With costumes designed by Omotayo “Wunmi” Olaiya and visual imagery projected onto the stage, the production was a sizable investment for the company. It paid off: “Color-ography” traveled to 22 cities, from Portland, Ore., to Clearwater, Fla. Dayton Contemporary Dance Company still performs selections from “Color-ography,” as recently as last year. “The company was branching out in ways that were challenging for the company at the time,” Ward says.

“Color-ography, n. The Dances of Jacob Lawrence” by the Dayton Contemporary Dance Company. (Andy Snow)

Other artists have found ways to use Lawrence’s work to tell contemporary stories about migration and disruption. In 2016, for the 75th anniversary of the “Migration Series” — for which all 60 panels were temporarily reunited — the Phillips Collection commissioned five playwrights to write 10-minute theatrical works based on Lawrence’s paintings, which were performed at the museum.

One of the playwrights, Jacqueline E. Lawton, wrote a piece weaving the story of a Black character searching for a home for his mother in Detroit with that of a Syrian refugee trying to find her footing in the United States. Lawton drew on “Migration Series” works such as Panel 57 to show how the experience of migrants applying their skills in unfamiliar settings compares with today. She says that Lawrence was a formal influence as well: Ten minutes is a tight limit for a theatrical piece, and she sought to pack in as much nuance as Lawrence did in his cubist compositions.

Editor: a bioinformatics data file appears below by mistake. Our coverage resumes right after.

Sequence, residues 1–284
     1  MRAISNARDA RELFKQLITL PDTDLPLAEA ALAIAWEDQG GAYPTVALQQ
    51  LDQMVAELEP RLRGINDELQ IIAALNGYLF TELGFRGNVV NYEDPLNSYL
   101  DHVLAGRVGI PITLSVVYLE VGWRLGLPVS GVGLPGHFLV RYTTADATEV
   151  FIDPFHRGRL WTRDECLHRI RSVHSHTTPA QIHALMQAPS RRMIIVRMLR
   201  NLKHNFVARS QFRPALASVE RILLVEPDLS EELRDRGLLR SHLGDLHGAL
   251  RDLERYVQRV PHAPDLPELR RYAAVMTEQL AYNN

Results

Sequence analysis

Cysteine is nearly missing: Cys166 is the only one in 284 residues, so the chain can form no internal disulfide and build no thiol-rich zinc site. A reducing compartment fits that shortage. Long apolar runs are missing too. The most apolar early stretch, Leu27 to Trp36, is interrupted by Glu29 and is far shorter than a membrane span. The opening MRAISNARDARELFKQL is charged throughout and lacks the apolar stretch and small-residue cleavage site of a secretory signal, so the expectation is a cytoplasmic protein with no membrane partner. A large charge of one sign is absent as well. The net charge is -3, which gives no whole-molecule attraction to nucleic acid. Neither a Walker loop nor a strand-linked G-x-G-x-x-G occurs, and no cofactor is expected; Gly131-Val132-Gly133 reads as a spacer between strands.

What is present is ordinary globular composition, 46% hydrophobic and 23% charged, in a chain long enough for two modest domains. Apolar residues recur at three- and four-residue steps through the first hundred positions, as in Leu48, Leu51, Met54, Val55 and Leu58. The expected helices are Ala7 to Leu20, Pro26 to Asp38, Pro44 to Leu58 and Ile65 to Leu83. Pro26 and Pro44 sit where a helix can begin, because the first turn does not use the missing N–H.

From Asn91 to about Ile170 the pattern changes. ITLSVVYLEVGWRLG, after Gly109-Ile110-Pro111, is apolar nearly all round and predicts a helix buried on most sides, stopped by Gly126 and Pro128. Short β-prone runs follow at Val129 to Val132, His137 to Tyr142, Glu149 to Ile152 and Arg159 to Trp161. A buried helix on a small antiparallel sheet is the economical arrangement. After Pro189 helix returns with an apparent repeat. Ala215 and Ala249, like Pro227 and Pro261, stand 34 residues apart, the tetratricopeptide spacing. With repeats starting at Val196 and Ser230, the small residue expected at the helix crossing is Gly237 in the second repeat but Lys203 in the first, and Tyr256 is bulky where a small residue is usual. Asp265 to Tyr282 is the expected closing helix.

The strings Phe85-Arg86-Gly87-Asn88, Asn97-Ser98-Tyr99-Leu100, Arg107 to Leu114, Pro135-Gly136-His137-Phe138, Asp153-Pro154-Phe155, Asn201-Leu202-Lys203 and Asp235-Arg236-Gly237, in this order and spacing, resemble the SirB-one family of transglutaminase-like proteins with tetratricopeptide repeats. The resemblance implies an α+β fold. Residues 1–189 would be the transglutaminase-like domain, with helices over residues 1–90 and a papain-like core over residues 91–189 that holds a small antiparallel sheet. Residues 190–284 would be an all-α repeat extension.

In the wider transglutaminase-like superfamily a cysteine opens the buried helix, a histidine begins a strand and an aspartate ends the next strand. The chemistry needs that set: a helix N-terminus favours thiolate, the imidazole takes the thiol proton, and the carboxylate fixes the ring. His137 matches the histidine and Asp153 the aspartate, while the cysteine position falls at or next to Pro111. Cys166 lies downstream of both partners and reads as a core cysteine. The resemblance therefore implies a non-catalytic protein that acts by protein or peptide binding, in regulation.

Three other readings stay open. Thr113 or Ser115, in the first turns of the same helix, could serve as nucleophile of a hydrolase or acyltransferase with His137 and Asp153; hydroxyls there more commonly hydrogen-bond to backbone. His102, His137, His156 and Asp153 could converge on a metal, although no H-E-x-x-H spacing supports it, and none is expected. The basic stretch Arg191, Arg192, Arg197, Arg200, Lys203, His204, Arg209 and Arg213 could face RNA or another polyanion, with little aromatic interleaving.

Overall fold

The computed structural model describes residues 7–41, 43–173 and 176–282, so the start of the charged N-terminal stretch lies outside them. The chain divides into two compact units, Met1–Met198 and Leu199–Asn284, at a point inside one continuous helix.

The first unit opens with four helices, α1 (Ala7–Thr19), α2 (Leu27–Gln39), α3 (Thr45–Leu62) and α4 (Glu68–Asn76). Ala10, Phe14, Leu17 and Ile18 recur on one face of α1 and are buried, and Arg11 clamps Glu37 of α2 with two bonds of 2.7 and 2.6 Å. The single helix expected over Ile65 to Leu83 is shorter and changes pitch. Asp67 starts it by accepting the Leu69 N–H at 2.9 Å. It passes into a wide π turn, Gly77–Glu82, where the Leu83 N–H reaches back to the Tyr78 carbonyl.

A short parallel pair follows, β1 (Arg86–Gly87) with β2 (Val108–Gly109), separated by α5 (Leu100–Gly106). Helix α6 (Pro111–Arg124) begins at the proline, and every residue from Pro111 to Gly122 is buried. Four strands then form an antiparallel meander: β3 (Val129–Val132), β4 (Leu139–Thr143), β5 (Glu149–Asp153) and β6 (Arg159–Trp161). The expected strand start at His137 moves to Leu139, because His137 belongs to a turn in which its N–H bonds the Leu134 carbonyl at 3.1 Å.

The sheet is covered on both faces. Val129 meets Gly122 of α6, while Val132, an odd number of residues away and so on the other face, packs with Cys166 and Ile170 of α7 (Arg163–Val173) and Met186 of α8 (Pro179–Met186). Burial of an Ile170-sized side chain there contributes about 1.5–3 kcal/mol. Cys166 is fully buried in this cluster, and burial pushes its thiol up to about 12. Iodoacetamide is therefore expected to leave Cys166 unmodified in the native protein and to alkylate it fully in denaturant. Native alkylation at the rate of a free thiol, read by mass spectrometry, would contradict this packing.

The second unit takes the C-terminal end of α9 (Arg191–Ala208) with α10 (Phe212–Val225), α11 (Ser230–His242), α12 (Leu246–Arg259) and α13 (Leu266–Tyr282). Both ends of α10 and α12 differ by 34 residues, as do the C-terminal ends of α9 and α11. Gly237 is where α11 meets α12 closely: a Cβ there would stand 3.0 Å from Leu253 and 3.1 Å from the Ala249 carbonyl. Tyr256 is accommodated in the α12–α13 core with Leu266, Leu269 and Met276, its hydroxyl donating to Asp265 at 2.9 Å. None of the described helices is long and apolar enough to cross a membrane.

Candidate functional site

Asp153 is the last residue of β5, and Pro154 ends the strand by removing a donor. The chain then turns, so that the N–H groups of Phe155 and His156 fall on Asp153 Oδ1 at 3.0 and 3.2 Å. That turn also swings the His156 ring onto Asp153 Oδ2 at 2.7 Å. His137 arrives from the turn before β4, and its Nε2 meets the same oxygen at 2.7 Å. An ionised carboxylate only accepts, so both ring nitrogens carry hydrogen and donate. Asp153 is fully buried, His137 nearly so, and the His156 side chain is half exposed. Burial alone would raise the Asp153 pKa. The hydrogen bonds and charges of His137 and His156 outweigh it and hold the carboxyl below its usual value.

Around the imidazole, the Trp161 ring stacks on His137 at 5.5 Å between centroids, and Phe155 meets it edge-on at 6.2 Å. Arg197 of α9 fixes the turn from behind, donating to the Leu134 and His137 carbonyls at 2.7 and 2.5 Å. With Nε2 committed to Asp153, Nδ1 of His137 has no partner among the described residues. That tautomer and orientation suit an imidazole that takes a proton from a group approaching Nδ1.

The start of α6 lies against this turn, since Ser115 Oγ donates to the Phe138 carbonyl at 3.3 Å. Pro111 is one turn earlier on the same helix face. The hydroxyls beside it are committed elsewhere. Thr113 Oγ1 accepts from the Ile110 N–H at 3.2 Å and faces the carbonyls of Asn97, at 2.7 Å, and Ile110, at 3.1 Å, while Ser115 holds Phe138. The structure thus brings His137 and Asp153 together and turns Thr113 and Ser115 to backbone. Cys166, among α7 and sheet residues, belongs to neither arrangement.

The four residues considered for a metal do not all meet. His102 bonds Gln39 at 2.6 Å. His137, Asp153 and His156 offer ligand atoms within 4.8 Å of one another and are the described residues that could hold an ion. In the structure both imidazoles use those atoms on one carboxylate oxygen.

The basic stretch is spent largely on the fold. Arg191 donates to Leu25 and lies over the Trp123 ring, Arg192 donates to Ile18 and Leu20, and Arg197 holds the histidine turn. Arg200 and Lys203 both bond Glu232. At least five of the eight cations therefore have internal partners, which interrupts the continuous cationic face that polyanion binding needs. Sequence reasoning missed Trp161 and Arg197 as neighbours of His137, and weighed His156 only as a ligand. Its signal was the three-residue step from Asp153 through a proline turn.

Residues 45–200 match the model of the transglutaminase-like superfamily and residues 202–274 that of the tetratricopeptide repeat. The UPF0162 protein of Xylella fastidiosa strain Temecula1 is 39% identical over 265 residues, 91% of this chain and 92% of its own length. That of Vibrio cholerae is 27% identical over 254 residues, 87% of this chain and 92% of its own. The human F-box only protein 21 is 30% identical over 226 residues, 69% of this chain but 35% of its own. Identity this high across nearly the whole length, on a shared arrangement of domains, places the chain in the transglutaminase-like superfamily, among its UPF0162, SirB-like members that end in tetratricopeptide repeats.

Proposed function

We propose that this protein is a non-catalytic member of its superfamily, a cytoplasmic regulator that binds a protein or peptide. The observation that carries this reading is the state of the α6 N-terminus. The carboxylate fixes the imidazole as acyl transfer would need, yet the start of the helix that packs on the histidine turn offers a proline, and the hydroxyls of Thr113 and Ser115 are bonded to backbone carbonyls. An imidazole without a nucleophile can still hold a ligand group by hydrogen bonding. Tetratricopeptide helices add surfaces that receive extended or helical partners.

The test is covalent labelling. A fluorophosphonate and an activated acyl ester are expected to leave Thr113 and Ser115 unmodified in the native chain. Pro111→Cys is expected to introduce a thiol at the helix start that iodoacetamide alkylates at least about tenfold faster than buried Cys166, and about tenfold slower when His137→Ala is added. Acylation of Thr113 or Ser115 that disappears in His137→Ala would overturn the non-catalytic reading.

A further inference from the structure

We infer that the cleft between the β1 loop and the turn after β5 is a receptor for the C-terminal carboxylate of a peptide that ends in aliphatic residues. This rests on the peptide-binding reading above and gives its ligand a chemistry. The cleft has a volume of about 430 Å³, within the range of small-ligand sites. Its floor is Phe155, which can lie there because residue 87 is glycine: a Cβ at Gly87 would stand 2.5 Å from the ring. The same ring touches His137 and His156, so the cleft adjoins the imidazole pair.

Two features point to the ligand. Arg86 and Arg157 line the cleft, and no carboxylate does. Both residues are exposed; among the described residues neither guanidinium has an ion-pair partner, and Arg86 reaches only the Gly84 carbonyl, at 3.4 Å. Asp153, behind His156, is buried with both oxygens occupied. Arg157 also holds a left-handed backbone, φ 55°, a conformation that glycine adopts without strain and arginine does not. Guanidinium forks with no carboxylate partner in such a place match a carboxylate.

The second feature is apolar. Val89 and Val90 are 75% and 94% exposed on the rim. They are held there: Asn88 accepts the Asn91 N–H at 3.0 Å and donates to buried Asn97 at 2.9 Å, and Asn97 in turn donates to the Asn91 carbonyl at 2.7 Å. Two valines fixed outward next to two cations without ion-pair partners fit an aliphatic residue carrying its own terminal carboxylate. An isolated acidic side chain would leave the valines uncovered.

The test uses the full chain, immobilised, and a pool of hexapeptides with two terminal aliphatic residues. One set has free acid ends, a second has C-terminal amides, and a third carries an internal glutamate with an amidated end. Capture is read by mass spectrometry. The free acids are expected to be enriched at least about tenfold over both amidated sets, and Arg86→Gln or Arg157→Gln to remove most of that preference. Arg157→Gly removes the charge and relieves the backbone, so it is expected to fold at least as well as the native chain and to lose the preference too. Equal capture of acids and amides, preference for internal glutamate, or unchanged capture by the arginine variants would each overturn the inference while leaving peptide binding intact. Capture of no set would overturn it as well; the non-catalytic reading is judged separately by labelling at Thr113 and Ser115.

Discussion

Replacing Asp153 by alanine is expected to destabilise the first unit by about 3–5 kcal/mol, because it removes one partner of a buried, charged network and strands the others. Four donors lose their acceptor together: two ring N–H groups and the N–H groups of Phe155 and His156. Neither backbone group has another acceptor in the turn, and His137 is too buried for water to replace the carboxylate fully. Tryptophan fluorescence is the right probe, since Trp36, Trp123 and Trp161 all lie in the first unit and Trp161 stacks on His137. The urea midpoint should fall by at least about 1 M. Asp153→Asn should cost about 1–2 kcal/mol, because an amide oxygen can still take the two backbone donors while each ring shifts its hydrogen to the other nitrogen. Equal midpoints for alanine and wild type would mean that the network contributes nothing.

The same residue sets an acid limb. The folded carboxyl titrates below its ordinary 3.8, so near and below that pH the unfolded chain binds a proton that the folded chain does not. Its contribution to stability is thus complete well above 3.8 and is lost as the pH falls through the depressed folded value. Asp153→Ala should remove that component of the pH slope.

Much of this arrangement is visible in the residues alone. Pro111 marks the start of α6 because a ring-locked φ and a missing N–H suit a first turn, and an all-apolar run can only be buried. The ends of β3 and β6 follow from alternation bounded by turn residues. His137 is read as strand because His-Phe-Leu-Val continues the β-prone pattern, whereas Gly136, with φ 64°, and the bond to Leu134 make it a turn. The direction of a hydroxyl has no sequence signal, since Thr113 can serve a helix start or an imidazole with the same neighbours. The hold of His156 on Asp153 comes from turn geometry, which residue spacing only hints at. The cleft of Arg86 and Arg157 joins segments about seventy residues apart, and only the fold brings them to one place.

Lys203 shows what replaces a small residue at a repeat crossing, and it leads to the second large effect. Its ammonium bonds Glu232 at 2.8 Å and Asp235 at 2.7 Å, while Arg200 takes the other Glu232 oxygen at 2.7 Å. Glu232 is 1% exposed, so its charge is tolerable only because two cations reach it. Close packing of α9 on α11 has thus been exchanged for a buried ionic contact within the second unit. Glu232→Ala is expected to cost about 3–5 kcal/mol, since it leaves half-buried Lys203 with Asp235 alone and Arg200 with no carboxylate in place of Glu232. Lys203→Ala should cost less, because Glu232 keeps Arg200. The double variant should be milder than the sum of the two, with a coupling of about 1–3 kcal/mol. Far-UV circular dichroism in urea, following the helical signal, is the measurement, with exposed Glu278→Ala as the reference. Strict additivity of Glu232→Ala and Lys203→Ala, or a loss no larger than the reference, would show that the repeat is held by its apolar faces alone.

“It’s a flat surface, but it’s deeply dimensional,” Lawton says.

A staged reading of plays inspired by Jacob Lawrence’s “Migration Series” takes place alongside the paintings. (Derek Goldman)

This readings series was the first-ever commission for the Phillips Collection, according to the museum’s theater consultant, Ann Greer. Since then, the museum has also commissioned a one-act play based on the life and works of painter Alma Thomas. And to help celebrate its friends at Step Afrika!, the museum is restaging the readings by Lawton and the other playwrights (Norman Allen, Tearrance Arvelle Chisholm, Annalisa Dias and Laura Shamas) on June 13.

Step Afrika! is pushing its model as well. This time, the company had the entire suite of panels to draw on for onstage visuals, MoMA’s even-numbered panels included. Original costume designer Kenaan Quander and set designer Harlan Penn now have the backing of the production crew at Arena Stage. Dance companies might normally schedule a handful of shows over one or two weekends; for “The Migration,” Step Afrika! is staging 43 shows over six weeks.

Williams describes “The Migration” as a multidisciplinary experience along a “broad spectrum” of visual and performing arts. He fully expects the Step Afrika! audience will be inspired to visit the paintings at the Phillips Collection and vice versa.

“You get to come see how dancers interpret that, how we are inspired by what we have seen by his work, and how we bring those characters to life through our medium, which is the body,” Williams says.”